BioSCENTer - Virtual Life
Prof. Bart Nicolaï
Katholieke Universiteit Leuven
Box 2428, de Croylaan 42, B-3001 Leuven (Heverlee), Belgium
T +32 16 322375
F: +32 16 322955
- Department of Biosystems
- Division MeBioS: B. Nicolaï, P. Darius, A. Geeraerd, J. Lammertyn, H. Ramon, (5 ZAP, 4 postdoc, 20 PhD)
- Division of Gene Technology: B. Goddeeris (1 ZAP, 5 PhD)
- Division of Livestock-Nutrition-Quality: E. Decuypere, J. Buyse (2 ZAP, 7 PhD)
- Department of Computer Science, Numerical Analysis and Applied Mathematics Section: D. Roose, S. Vandewalle (2 ZAP, 2 Postdoc, 4 PhD)
- Department MTM, Mechanical Metallurgy Section: M. Wevers (1 ZAP, 1 postdoc, 1 PhD)
- Department of Civil Engineering, Building Physics Section: J. Carmeliet (1 ZAP, 3 PhD)
- Department of Chemical Engineering, Chemical and Biochemical Process Technology and Control Section: J. Van Impe, I. Smets (2 ZAP, 3 postdoc, 15 PhD)
- Department of Mechanical Engineering, Division of Biomechanics and Engineering Design : H. Van Oosterwyck (2 ZAP, 1 postdoc, 9 PhD)
Living systems are characterised by a plethora of processes at multiple levels of organisation and spatial scales. Advances in high-throughput experimental techniques and the advent of emerging disciplines in biology such as genomics, proteomics and metabolomics, however, have led to large numbers of increasingly complex data which can only be analysed by means of computers. While indispensable for understanding life, knowledge of the genome, transcriptome, proteome, metabolome and their interaction is not sufficient, like knowledge of the materials used to construct a diesel engine is insufficient to fully explain its operation. Insight in biophysical processes including transport of water, nutrients and metabolic gasses, muscle motion, tissue growth, adaptation and regeneration is also essential. Mathematical models are increasingly being used to explore these processes.
The cluster Virtual Life aims at developing and applying data-analytical and theoretical methods, mathematical modelling and computational simulation techniques to understand, predict and ultimately optimise and control dynamic processes that take place in living systems at multiple spatial scales and levels of organisation. The long term objective is to construct in silico models of complete living systems. In this cluster we will address living systems of all levels of complexity, from micro-organism to plant, animal and human.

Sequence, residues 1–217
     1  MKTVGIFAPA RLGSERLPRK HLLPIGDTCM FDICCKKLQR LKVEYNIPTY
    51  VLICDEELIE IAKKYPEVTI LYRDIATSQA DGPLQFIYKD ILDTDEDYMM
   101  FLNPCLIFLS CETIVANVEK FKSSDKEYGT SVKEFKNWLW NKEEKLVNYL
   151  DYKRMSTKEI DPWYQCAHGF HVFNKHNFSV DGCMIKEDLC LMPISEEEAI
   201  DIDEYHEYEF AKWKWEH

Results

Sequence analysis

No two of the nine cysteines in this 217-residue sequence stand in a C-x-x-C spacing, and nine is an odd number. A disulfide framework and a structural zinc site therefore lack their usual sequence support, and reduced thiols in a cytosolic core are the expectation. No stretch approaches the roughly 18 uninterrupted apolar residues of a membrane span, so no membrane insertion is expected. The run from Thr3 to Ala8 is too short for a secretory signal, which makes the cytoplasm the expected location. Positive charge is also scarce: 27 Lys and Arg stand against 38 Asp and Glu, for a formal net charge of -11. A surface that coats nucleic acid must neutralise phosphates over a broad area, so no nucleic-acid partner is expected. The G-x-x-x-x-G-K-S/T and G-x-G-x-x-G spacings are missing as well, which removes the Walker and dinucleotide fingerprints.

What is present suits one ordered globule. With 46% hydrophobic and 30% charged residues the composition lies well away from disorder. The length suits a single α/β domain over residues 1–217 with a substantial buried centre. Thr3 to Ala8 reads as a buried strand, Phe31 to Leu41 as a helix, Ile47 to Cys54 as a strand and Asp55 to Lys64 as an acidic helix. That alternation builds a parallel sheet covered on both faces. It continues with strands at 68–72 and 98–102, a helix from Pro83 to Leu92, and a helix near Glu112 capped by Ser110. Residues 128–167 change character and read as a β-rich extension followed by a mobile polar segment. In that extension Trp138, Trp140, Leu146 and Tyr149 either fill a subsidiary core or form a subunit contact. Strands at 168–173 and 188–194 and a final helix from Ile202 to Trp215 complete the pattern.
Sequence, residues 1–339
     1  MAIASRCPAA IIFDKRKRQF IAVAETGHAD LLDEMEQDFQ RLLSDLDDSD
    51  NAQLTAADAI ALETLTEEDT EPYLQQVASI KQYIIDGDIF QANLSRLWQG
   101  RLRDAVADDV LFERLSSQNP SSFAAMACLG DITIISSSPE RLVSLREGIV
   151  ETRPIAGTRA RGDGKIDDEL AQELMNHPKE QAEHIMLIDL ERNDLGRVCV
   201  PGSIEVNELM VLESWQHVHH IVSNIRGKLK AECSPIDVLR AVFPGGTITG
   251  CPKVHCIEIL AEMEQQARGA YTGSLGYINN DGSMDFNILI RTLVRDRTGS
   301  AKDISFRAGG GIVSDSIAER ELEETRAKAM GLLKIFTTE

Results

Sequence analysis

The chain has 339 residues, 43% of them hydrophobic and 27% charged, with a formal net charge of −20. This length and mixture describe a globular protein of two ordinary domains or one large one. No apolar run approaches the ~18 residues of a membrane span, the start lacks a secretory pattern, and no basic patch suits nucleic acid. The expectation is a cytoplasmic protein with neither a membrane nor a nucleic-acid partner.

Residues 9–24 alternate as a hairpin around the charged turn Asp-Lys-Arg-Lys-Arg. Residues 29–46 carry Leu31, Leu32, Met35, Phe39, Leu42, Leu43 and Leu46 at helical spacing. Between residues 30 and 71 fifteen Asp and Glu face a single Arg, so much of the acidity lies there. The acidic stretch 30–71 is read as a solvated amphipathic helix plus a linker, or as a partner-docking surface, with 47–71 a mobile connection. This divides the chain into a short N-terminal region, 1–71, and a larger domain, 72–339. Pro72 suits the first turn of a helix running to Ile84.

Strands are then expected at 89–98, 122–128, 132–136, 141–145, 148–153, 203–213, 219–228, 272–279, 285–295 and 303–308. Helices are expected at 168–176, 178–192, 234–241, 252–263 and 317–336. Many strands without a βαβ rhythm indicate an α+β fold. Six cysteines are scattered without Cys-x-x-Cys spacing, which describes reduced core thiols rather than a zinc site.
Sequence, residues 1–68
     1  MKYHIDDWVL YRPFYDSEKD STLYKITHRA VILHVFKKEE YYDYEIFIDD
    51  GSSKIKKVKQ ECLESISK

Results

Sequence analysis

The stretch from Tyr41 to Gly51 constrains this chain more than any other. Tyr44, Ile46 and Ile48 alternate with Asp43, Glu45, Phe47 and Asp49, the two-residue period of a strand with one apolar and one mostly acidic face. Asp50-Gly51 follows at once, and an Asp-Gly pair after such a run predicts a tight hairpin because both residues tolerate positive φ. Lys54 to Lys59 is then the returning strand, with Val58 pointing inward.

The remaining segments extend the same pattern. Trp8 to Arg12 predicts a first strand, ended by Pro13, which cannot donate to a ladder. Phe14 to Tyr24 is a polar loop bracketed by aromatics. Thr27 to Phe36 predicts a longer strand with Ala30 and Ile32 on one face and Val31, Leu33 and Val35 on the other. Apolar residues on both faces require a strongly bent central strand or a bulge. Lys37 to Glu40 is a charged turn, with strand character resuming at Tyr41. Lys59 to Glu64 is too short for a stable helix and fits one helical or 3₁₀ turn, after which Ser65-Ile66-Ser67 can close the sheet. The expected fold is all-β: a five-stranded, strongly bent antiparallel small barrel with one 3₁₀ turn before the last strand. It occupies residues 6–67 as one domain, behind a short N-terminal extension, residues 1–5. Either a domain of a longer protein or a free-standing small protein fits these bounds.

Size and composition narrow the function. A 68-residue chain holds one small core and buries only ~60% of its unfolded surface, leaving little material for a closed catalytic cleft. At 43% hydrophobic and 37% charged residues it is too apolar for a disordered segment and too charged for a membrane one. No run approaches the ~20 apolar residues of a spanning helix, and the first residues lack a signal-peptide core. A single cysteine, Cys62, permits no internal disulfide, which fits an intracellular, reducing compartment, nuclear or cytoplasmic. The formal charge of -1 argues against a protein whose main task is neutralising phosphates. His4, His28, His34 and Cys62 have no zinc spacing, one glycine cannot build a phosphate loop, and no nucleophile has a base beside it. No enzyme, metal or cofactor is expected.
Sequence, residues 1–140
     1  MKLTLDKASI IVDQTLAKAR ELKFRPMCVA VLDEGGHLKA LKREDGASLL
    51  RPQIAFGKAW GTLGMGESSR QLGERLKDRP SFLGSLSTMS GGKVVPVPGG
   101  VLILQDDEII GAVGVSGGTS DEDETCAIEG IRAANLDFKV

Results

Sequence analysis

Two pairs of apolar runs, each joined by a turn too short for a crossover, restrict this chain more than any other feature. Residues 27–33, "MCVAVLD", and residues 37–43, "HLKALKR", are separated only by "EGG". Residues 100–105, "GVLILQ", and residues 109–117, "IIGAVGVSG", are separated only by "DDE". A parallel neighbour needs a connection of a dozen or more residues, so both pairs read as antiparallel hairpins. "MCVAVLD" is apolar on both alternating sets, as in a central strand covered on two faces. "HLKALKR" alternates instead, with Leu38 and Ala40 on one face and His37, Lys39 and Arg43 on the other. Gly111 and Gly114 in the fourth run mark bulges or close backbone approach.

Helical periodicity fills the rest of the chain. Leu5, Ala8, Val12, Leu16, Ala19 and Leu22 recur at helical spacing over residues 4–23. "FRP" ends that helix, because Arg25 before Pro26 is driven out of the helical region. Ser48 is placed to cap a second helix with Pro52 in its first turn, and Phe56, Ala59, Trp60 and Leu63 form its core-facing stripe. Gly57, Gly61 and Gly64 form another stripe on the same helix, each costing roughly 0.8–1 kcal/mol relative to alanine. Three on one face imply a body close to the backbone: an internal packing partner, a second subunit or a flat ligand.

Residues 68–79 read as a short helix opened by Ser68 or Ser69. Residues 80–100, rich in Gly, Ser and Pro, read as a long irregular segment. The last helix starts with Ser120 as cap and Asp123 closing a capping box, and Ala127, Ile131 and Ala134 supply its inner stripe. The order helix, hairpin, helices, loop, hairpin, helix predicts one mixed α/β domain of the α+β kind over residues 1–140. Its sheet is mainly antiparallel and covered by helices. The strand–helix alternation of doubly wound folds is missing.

The Virtual Life cluster has the following research lines:
- Mechanistic modelling: biological systems involve a multitude of factors that interact with each other in highly complex signalling cascades. Mechanistic models are based on a priori biochemical knowledge rather than on available high-throughput data, such as stoechiometric network models, carbon flux models, stationary and nonstationary enzyme kinetics based models. While for micro-organisms much progress has been achieved during the last years, this is certainly not the case for higher organisms.
- Multiscale aspects: organisms are hierarchically structured into tissues and cells, and the biophysics at the macroscopic scale is determined by processes and mechanisms which operate at the cellular level or beyond. Likewise, the biochemistry of the cell is organised in different hierarchical but interacting levels, from genomics to metabolomics. Multiscale models are basically a hierarchy of submodels which describe the physical behaviour at different spatial scales or organisational levels in such a way that the submodels are interconnected. A particular challenge is the measurement of material properties and topology at small scales.
- Multiphysics: biological processes involve several physical processes; mechanical deformation of vegetative tissue is, for example, coupled to intercellular transport of water. Another example is related to human (animal) tissues, where adaptive and regenerative processes are mediated by mechanical deformation. A major challenge is to combine biophysical processes such as transport of biological fluids with cell metabolism in a multiphysics framework and integrating them into an organism-wide mathematical model
- Scientific computing: due to the complexity and size of the mathematical models a major challenge lies in the development of computationally efficient algorithms to discretise and solve these models.